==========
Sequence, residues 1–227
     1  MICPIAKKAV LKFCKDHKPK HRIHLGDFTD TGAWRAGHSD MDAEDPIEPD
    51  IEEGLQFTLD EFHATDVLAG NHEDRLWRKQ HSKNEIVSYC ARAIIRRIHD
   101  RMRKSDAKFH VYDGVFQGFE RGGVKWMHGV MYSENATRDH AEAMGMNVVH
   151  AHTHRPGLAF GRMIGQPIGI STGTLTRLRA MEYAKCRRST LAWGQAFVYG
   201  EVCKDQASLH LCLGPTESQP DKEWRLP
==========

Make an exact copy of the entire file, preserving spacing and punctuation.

Sequence, residues 1–227
     1  MICPIAKKAV LKFCKDHKPK HRIHLGDFTD TGAWRAGHSD MDAEDPIEPD
    51  IEEGLQFTLD EFHATDVLAG NHEDRLWRKQ HSKNEIVSYC ARAIIRRIHD
   101  RMRKSDAKFH VYDGVFQGFE RGGVKWMHGV MYSENATRDH AEAMGMNVVH
   151  AHTHRPGLAF GRMIGQPIGI STGTLTRLRA MEYAKCRRST LAWGQAFVYG
   201  EVCKDQASLH LCLGPTESQP DKEWRLP